If these words are very familiar to you, you just might be a web designer. If these words sum up what you want for your site, you just might be a future client. Clean, simple, and energetic are all qualities that shine through in great websites, right?

Sadly, if I asked five clients what they mean by "clean and simple", I would likely get five different answers. If I dug a bit deeper into what each client meant by “clean and simple”, I’d be faced with a more complicated question: How do we infuse this website with energy?

The solution isn't that simple, and I can't hand out any one-size-fits-all answers in this short blog, but I can introduce you to a great option: a dynamic, interactive website.

Why opt for such a website? Because while you see all of the cutting edge technologies that exist behind your service, your clients ultimately seek practical solutions to their practical problems. A dynamic, interactive website can help them quickly realize your offerings are the answer.

With recent developments in mobile compatability, software support, hardware support, and JavaScript libraries to simplify implementation, the Internet is becoming more dynamic and interactive than ever. If your company isn't taking advantage of this new storytelling platform, you might be missing out on one of the most important portions of your marketing efforts. Interactive websites can tell your story in a much more attention-grabbing, informative manner than many other mediums, and with lower long-term maintenance costs.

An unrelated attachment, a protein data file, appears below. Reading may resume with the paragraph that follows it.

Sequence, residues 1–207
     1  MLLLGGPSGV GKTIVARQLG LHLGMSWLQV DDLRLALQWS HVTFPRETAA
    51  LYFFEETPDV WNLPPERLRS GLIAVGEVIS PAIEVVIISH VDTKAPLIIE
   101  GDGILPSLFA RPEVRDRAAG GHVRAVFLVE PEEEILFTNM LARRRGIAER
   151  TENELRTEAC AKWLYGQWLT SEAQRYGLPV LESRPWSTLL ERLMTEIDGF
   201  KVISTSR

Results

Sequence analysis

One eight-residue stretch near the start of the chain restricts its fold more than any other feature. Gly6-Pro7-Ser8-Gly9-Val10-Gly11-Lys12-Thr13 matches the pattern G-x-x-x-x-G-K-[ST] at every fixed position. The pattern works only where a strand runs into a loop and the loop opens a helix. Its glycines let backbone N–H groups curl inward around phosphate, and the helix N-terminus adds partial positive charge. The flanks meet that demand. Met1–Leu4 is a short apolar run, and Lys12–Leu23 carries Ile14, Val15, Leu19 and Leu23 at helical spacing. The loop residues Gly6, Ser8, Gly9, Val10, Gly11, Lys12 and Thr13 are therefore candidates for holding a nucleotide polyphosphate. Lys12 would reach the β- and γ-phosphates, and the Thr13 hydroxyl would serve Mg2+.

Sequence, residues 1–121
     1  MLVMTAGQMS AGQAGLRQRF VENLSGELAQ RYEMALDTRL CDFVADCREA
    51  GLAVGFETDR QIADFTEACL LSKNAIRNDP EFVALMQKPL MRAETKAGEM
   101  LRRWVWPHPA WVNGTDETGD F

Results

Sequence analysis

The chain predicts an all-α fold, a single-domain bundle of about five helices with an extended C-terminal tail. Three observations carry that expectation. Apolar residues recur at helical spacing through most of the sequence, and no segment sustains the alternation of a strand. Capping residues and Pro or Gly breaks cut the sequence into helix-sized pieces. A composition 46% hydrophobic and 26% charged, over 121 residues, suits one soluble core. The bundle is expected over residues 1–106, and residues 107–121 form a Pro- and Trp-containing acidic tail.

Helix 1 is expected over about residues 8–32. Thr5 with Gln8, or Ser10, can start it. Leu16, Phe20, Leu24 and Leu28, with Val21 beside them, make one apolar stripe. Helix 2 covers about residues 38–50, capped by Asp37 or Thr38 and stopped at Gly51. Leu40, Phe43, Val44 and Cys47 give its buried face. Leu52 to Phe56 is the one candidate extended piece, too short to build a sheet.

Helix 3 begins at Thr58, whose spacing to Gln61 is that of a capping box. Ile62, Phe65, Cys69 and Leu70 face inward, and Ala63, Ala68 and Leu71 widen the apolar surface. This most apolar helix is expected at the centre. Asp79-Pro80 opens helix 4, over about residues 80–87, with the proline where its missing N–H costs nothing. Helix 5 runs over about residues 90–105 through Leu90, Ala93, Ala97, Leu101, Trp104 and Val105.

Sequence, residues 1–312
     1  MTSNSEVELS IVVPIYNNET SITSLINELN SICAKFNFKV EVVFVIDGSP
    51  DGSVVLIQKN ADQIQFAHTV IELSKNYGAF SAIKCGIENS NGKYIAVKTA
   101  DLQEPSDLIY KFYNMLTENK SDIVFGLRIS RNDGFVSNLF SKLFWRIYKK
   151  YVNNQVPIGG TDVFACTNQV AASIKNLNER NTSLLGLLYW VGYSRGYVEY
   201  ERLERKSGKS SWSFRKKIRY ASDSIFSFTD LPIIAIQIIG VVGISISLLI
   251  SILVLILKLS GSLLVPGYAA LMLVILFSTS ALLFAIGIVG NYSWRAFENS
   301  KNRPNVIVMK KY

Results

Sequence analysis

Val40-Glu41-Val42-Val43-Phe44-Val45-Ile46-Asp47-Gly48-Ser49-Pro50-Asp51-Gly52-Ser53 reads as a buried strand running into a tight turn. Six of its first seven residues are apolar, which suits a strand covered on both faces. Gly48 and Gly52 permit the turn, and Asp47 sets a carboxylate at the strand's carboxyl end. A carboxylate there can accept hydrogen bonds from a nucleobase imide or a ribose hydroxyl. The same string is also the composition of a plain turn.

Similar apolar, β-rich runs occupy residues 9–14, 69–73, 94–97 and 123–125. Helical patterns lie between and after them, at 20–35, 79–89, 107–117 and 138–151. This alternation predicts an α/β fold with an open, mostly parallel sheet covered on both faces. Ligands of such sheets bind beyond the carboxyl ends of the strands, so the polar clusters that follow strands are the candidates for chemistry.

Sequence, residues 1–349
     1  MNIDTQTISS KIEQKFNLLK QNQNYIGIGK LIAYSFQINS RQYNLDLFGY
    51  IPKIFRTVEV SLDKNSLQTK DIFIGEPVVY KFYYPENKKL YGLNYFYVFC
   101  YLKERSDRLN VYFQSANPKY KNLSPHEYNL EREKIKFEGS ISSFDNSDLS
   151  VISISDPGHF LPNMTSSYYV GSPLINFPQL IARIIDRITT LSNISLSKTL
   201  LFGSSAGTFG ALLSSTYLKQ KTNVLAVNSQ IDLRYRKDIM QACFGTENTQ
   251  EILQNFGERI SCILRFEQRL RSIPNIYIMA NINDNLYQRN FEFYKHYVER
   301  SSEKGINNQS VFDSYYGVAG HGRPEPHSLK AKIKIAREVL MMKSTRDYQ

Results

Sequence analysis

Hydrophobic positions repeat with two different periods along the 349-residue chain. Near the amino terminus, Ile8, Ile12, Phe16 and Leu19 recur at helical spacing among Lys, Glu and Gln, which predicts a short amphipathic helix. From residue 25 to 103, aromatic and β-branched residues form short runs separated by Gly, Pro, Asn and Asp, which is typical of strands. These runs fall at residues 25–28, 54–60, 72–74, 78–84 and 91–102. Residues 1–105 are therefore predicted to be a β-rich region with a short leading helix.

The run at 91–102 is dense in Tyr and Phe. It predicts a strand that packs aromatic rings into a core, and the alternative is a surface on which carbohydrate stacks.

You should know, however, that an interactive website is only as powerful as the story behind your website. That’s why BuzzBee addresses the challenge in a holistic manner. A fantastic presentation without a solid story won’t leave a lasting impression, and may actually weaken your marketing efforts.

Now for your homework, here is a collection of websites that do a fantastic job of just that. Using interactivity to tell stories, inform customers, and most importantly, emotionally compel. Take a look at what they have to offer. You might just find the solution to your biggest marketing frustrations.

1. Tinke

2. Oakley Airbrake MX

3. Sony: Be Moved

4. HTC One

5. Lexus LS

6. Make Your Money Matter

7. Why Your Brain Craves Infographics

8. Every Last Drop

9. Costa Coffee Experience

10. Conta ContextAd